In 1876 the newcomer Alfonso XII granted Chiclana de la Frontera the title of City. In 1884, the Marquis of Bertemati promoted an experimental and advanced Wine Colony in Campano. This town in Cadiz would be one of the cradles of anarchism, a group that would dominate the Andalusian countryside until the war of 1936. After the war the local economy was dominated by the cultivation of the vine and the exploitation of the salt mines. At the end of the 20th century tourism gained prominence.

Buildings with a lot of history

We recommend starting by paying a visit to San Juan Bautista Parish Church (18th and 19th centuries), situated in the Plaza Major, devoted to the town’s saint. This Neoclassical church holds an old altarpiece from the 16th century and a couple of paintings by the Zurbaran circle. Next to it, you will find the Reloj Tower (18th century), which worked as a bell tower in previous periods.

The famous baroque Jesús Nazareno Church and Convent (17th century) is located on Calle Larga and is one of the most famous buildings in Chiclana. This church contains baroque altarpieces as well as an image of Jesus of Nazareth in the main altarpiece of the temple.

Chiclana de la Frontera

Reloj Tower | Wikimedia

The Santo Cristo de la Vera Cruz Hermitage (16th century) is situated in the Santo Cristo Plaza. This is the oldest Penitent brotherhood headquarters in Andalusia. Its interior holds the image of the Saint Christ, attributed to miraculous properties and a Mexican origin. There have been many processions using this image in order to pray for rain. Next to the river, San Telmo Church (18th century) holds the image of the Virgin of Los Remedios, the patron saint of Chiclana. It has a peculiar shape that you will definitely notice.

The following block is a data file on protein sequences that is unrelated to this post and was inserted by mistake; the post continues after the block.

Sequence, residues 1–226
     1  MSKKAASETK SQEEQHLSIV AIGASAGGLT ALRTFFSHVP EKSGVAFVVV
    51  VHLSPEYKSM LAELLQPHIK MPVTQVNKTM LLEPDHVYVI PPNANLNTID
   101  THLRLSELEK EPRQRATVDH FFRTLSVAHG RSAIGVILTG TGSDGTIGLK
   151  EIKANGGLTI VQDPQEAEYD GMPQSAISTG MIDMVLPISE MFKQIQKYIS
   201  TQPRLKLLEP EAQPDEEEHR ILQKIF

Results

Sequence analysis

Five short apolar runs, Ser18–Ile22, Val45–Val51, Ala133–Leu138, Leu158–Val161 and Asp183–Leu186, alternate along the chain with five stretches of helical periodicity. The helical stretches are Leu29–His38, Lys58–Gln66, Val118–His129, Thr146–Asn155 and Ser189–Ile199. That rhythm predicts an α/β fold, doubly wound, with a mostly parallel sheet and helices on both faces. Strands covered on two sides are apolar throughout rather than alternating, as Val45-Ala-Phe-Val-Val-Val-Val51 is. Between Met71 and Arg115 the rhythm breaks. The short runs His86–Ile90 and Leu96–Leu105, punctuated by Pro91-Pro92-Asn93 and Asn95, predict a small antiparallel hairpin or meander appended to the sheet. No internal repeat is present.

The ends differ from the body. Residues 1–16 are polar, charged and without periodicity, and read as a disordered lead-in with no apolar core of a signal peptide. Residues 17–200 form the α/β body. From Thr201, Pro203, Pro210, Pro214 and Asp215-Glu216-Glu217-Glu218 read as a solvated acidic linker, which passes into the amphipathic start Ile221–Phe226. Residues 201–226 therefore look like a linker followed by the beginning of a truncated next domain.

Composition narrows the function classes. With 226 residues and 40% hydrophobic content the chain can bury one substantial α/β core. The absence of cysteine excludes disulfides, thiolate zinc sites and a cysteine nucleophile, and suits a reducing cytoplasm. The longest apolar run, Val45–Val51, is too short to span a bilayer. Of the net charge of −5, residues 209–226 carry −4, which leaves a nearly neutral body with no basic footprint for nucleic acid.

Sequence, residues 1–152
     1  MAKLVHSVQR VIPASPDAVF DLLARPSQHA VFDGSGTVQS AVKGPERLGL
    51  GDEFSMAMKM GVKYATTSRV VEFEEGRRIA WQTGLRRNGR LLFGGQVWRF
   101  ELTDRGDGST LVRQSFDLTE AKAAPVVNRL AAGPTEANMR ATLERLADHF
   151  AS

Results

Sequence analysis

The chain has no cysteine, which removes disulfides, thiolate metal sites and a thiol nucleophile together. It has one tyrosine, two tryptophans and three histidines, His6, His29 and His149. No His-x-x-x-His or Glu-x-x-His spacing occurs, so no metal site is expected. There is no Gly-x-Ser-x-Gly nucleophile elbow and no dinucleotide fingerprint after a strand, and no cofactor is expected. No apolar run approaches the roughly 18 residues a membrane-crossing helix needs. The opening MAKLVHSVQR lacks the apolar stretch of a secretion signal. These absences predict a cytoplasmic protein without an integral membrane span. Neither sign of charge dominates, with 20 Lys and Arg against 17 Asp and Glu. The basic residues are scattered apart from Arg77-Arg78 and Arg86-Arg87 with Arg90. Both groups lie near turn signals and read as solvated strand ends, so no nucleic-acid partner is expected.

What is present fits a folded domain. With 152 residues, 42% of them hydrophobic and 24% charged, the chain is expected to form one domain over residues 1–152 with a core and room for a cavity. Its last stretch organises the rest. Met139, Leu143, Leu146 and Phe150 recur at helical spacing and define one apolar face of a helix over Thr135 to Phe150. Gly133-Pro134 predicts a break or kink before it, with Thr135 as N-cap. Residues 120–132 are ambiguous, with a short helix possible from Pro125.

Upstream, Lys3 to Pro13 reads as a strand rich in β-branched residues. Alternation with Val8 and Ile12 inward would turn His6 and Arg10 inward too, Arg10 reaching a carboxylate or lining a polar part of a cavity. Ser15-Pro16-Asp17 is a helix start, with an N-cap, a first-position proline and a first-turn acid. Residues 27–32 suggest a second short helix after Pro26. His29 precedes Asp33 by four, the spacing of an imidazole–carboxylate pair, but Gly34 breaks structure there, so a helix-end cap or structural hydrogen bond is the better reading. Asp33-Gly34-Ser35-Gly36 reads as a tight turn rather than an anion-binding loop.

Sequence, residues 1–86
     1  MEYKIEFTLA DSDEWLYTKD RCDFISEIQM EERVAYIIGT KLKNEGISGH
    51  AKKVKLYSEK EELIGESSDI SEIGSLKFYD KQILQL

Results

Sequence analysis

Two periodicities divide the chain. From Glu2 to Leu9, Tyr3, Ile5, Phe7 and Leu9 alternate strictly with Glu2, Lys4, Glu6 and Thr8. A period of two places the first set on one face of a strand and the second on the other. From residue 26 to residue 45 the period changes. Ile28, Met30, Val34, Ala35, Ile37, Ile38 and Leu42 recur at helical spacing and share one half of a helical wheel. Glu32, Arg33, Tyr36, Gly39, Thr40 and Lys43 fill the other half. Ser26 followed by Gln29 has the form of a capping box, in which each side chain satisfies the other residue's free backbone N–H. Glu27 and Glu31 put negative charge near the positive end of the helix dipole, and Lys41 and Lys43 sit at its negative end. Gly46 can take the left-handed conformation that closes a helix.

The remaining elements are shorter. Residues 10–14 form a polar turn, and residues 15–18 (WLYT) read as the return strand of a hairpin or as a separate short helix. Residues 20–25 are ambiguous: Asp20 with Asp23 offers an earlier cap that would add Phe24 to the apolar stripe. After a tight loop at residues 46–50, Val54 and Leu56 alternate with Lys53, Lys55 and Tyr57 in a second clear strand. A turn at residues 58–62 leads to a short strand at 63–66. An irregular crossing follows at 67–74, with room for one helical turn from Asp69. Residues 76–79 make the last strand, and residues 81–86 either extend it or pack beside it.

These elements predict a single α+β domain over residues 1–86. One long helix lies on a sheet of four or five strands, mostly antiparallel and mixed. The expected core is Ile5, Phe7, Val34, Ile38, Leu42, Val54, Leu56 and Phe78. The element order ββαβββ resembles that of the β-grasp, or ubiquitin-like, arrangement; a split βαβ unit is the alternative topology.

Among other churches that stand out in Chiclana are the San Sebastián Church Parish (famous for the protection it granted people from epidemics in the 19th century) and the Santa Ana Chapel (built in the 18th century, full of beautiful images). Also from the 18th century, we highlight Condes del Pinar Palaces, Cinco Torres Palace or the Conde de la Torre House.

Sancti Petri Castle

The most emblematic building is Sancti Petri Castle, situated in the inlet with the same name, in the mouth of the channel connecting San Fernando and Puerto Real. In Greek Mythology, Heracles performed two labors here. Melkart Temple is built in the south of the main island. The famous sanctuary of Ancient times held two metal columns with inscriptions filled with unknown content. Important generals such as Hannibal and Julius Caesar visited this place, which was an oracle at the time. In 1930, the musician Manuel de Falla came to this place looking for inspirations to compose the famous and unfinished Atlántida.

The island was renamed as San Beter (Saint Peter) in the Middle Ages. During the times of the Hasburg dynasty, this place acquired importance as a lookout tower against the Berbers and the British later on. The bourbons improved its defense but this place was seriously affected during the Independence War. What remains today is the tower from the 16th century and the rest of the fortress from the 18th century.

Chiclana de la Frontera

Puerco Tower

You definitely shouldn’t miss the beaches in Chiclana. Some of our recommendations are: La Barrosa Beach and Sancti Petri Beach. If you are a wine lover, Chiclana is also known for its wine cellars.


Capilla de la Vera Cruz en Chiclana de la Frontera
Chapel of Santo Cristo de la Vera Cruz
Chiclana de la Frontera
Santa Ana Hermitage

Practical data


36° 25′ 0″ N, 6° 9′ 0″ W


Cádiz 23 km, Sevilla 126 km, Madrid 652 km


11 m


81 113 (2012)